Business schools are eager to be seen as working towards gender equity. Harvard Business School, for example, has been experimenting with techniques to support female students. Other schools have professors who lecture on females in the workplace. Babson College runs the Center For Women’s Entrepreneurial Leadership, which is targeted at female students who wish to run their own businesses.
Everyone, it seems, is keen to promote advantages for women.
Yet although women are making strides in education generally, accounting for a majority of university students overall in most developed countries, they remain in a minority in business schools.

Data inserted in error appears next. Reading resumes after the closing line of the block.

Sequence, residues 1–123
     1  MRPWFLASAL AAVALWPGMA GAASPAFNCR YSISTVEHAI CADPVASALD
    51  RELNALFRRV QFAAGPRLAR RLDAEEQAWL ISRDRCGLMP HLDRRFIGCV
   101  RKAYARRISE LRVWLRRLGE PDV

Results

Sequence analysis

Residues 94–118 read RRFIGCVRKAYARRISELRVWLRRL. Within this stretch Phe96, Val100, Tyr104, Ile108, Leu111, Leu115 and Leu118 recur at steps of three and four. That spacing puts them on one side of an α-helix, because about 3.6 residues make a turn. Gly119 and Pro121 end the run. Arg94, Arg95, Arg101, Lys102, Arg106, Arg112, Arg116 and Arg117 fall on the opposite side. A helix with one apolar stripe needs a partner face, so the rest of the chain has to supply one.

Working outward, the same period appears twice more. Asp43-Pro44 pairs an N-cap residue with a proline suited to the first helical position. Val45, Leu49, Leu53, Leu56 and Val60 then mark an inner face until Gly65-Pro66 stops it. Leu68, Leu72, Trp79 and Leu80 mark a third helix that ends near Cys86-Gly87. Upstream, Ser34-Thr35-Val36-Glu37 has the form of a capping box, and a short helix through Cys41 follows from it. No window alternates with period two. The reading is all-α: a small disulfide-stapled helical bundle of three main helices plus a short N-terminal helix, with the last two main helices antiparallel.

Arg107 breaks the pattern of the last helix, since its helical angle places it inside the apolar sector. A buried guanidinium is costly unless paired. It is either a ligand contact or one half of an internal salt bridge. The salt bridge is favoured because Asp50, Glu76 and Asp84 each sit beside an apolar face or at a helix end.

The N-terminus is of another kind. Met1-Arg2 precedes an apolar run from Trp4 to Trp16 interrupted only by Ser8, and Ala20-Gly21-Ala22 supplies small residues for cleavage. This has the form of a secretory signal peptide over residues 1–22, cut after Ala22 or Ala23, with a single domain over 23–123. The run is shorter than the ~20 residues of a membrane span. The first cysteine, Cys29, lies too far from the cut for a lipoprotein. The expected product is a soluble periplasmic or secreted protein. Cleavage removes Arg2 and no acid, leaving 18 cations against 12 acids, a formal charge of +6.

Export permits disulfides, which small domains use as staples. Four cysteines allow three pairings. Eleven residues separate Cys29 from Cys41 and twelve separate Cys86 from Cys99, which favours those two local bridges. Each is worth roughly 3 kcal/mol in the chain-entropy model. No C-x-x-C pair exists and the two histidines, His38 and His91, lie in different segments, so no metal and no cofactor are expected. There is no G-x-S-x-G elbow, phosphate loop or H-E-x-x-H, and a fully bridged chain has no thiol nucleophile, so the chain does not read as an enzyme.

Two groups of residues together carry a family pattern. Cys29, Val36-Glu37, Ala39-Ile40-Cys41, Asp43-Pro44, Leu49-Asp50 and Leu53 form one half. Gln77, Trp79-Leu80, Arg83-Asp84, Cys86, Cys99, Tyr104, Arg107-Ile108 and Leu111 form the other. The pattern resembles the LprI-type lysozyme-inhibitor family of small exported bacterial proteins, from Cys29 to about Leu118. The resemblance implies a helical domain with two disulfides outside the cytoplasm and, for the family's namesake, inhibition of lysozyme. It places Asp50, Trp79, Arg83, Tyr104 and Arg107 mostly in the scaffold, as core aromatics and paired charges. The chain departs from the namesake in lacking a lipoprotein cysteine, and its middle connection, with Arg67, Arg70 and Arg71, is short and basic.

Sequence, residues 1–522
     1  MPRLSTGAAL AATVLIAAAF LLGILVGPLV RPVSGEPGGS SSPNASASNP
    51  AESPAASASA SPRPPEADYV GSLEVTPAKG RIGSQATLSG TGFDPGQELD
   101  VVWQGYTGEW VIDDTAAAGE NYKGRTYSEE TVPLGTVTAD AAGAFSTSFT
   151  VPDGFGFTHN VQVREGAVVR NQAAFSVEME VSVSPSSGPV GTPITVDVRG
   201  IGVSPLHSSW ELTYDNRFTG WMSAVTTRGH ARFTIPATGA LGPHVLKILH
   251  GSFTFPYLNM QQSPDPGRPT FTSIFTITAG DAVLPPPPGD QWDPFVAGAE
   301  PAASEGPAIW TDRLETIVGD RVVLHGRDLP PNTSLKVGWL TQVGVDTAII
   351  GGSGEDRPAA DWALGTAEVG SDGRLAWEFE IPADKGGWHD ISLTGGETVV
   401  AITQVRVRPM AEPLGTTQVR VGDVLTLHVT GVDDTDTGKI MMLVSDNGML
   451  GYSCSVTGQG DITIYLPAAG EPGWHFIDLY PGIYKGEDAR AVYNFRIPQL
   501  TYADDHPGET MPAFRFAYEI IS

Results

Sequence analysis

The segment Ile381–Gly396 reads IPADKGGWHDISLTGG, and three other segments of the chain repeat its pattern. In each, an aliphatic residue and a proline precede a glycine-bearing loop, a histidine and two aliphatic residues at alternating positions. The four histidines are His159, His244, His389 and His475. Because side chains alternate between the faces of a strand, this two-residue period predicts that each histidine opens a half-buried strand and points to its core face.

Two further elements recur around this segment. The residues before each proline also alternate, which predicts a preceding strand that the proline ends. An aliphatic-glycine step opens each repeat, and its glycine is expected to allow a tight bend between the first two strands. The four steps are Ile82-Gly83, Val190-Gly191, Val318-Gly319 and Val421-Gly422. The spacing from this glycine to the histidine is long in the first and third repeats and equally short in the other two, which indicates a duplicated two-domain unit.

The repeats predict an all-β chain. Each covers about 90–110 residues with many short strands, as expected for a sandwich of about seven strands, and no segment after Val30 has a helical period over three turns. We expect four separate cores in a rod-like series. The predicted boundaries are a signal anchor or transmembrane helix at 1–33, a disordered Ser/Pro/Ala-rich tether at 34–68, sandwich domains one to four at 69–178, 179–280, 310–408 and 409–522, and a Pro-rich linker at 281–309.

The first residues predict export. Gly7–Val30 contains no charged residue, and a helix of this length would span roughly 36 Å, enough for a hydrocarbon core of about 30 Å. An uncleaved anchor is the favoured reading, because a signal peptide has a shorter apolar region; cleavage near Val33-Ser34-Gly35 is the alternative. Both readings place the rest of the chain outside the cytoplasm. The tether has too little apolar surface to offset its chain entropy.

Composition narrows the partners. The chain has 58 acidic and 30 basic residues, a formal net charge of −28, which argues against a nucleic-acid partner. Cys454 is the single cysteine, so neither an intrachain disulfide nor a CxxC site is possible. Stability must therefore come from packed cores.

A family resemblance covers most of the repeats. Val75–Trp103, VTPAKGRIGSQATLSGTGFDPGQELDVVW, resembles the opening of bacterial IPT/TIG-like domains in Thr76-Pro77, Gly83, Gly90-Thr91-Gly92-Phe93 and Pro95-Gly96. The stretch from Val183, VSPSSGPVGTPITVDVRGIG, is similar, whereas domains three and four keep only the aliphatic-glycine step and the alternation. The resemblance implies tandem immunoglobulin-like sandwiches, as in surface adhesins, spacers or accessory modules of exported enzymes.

Data from the Graduate Management Admission Council, which runs the Graduate Management Admission Test, might help explain why this is the case. The problem is that women appear to underperform men by about 20 points in the GMAT. In the 2011-12 testing year the mean total score for men was 557, while the mean total figure for women was 536. The top score in the GMAT is 800.